Now, it is a long way from Cool Hand Luke to John Rawls, and I admit that the element of charisma drops out (though Rawls has become the hero of a recent musical.) However, I believe this outsider’s disposition can be found, if not in Rawls, then in the attitude of the committed liberal. At root, liberalism proceeds from an experience of unreality; its voluntariety—and that word need not be a slur—is less the product of a heroic desire to reshape the world, than an awakening to the fact that there is no deep meaning in the arrangement of our societies. The liberal’s optimism, vis-à-vis the radical or critical theorist, is that he has faced this abyss and has chosen not suicide nor resignation, but the construction of a world with what values we might have found. (Here we might think of Rawls, and his acceptance of the priority of democracy to metaphysics.)

Given this abyss experience, the tenor of the consequent construction of a liberal order can easily become “do this or be damned.” Apart from our social contract, we will, with Hobbes, remain in fear. I am struck by a quirk in the language of some liberals: that the person not subscribing to liberal arrangements or theory is not described as non-liberal, but as il-liberal. Of course, “illiberal” is a distinct term, with connotations of bigotry, and an etymology relating to stinginess. This fear of such bigotry prevailing, save for liberal politics, is hinted at in a passage from Rawls:

As we have seen in the case of the intolerant [sect], the legal order must regulate men’s pursuit of their religious interests so as to realize the principle of equal liberty. . . . If a religion is denied its full expression, it is presumably because it is in violation of the equal liberties of others. In general, the degree of tolerance accorded opposing moral conceptions depends upon the extent to which they can be allowed an equal place within a just system of liberty. (A Theory of Justice, revised edition, 325)

Note that we can expect the legal order to need to regulate religion. Further, we are to presume that curtailments of religious expression will be for reason of religions’ intolerance. Rawls admirably confronts a potential irony head-on and uses the language of choosing to tolerate or not to tolerate various religions. (Granted Rawls does explicitly address the problem of whether to tolerate the intolerant; I do not see that he uses the term critically, however. His claims about what constitutes dogma and whether religious claims can be publicly debated are also naïve.)

This, of course, is part and parcel of Rawls’s whole system: once the principles of justice have been determined, each party finds principles within her comprehensive doctrine that support the overlapping consensus. However, there is the possibility that one’s comprehensive doctrine will be found to be unreasonable and unsuitable for a democratic society. If this is a likelihood, there is the need for one to bring one’s encumbrances into line with the liberal contract. However, this demand seems always to be made of the other. ‘”The religious person must go to their sacred texts and find a way, any way, to support the principles of justice,” as I’ve heard it put. What strikes me is that there is no demonstration of this process, nor a suggestion that the committed liberal will have any encumbrances that need shearing or shaping.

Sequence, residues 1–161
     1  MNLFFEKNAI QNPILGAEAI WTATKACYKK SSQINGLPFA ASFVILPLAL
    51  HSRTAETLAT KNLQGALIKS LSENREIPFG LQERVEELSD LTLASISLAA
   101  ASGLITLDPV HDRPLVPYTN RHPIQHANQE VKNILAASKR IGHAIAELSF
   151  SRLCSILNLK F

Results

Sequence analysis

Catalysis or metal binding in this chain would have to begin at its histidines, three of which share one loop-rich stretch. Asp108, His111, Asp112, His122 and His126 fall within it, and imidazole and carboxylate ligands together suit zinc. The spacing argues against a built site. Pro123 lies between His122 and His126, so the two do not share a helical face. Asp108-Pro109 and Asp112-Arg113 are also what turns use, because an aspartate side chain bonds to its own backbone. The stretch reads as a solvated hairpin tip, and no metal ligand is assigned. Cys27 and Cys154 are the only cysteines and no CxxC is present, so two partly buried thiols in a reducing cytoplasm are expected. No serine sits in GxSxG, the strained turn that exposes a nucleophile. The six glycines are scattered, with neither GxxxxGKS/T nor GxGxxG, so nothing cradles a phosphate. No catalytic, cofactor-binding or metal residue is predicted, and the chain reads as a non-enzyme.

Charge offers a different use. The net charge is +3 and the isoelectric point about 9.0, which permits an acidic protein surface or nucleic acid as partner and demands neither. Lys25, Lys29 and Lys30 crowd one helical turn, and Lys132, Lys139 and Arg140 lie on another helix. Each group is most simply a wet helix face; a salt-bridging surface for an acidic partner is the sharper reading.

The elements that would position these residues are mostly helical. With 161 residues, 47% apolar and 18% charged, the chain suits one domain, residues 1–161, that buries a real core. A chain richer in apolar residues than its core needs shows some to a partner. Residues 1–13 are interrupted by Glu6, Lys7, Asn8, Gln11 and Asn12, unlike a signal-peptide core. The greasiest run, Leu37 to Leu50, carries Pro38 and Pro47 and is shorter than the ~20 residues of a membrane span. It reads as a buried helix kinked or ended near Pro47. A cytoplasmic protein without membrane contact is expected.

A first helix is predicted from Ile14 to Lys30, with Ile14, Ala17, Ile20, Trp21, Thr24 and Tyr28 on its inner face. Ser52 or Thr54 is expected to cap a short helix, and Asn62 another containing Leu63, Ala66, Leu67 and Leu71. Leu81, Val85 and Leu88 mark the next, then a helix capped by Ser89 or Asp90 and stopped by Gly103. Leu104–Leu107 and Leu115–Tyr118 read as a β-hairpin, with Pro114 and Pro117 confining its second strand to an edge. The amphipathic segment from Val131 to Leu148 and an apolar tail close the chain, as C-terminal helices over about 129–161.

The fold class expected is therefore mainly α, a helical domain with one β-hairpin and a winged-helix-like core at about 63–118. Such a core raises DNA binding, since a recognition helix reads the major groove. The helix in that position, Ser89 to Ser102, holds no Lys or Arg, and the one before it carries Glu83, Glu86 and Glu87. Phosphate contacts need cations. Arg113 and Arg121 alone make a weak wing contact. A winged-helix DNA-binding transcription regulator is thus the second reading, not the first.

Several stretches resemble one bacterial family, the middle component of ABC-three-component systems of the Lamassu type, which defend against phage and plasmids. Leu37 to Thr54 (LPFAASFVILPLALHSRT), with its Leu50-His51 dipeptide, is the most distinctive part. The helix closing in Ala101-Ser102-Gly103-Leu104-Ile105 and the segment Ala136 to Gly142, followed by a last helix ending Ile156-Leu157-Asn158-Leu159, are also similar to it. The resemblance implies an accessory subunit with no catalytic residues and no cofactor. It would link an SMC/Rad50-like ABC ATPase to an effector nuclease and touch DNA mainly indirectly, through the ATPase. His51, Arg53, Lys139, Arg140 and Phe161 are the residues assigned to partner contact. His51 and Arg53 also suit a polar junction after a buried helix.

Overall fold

Rawls states that liberalism taken as a comprehensive doctrine risks becoming a sect, and that his justice-as-fairness is simply an element of political justice (“Justice as Fairness,” 245–46). And despite allusive comments about preference for the liberal moralities of Kant and Mill, Rawls remains tacit about his own comprehensive moral commitments. It seems that this is a demonstration of what he takes to be the appropriate liberal attitude, a demonstration that gainsays his claim that an overlapping consensus supported by various religious parties “appears far more stable than one founded on views that express skepticism and indifference to religious, philosophical, and moral values” (ibid., 250).

One might suggest that Rawls is attempting to speak for universal reason, without a standpoint. On this reading, the liberal is the bold man who can look down from above at the encumbered, the religious. This posture would emphasize the heroism of the antihero, finding the “anti-” in his status as an outsider. The liberal has left tradition behind, he has thought for himself, he realizes himself and achieves his society.

But more than this, we can read political liberalism as not simply smuggling an aesthetic preference for this anti/heroism, but as requiring such a figure. The liberal speaks as one who has had the outsider’s awakening experience. Perhaps liberalism lends itself to a reading as not a Promethean supplanting of an already existent order, but as an assertion of order and value by one who has experienced the unreality of this order. To conform this characterization, the liberal would need to account for his values, and, rather than speaking from above, or democratically speaking for all, speak from this vital experience of having seen the abyss. Perhaps the frustration of many critics of liberalism stems from its defenders’ preference for adjusting and refining its putatively rational prescriptions, rather than offering an honest account of the experience of becoming unencumbered, of awakening to a rejection of their fellow-citizens’ comprehensive moralities as unreal. Then again, perhaps this polite demurral is precisely the value the liberal has retrieved from the abyss. The liberal is, at root, an antihero whose values are muted and whose actions are marked by will.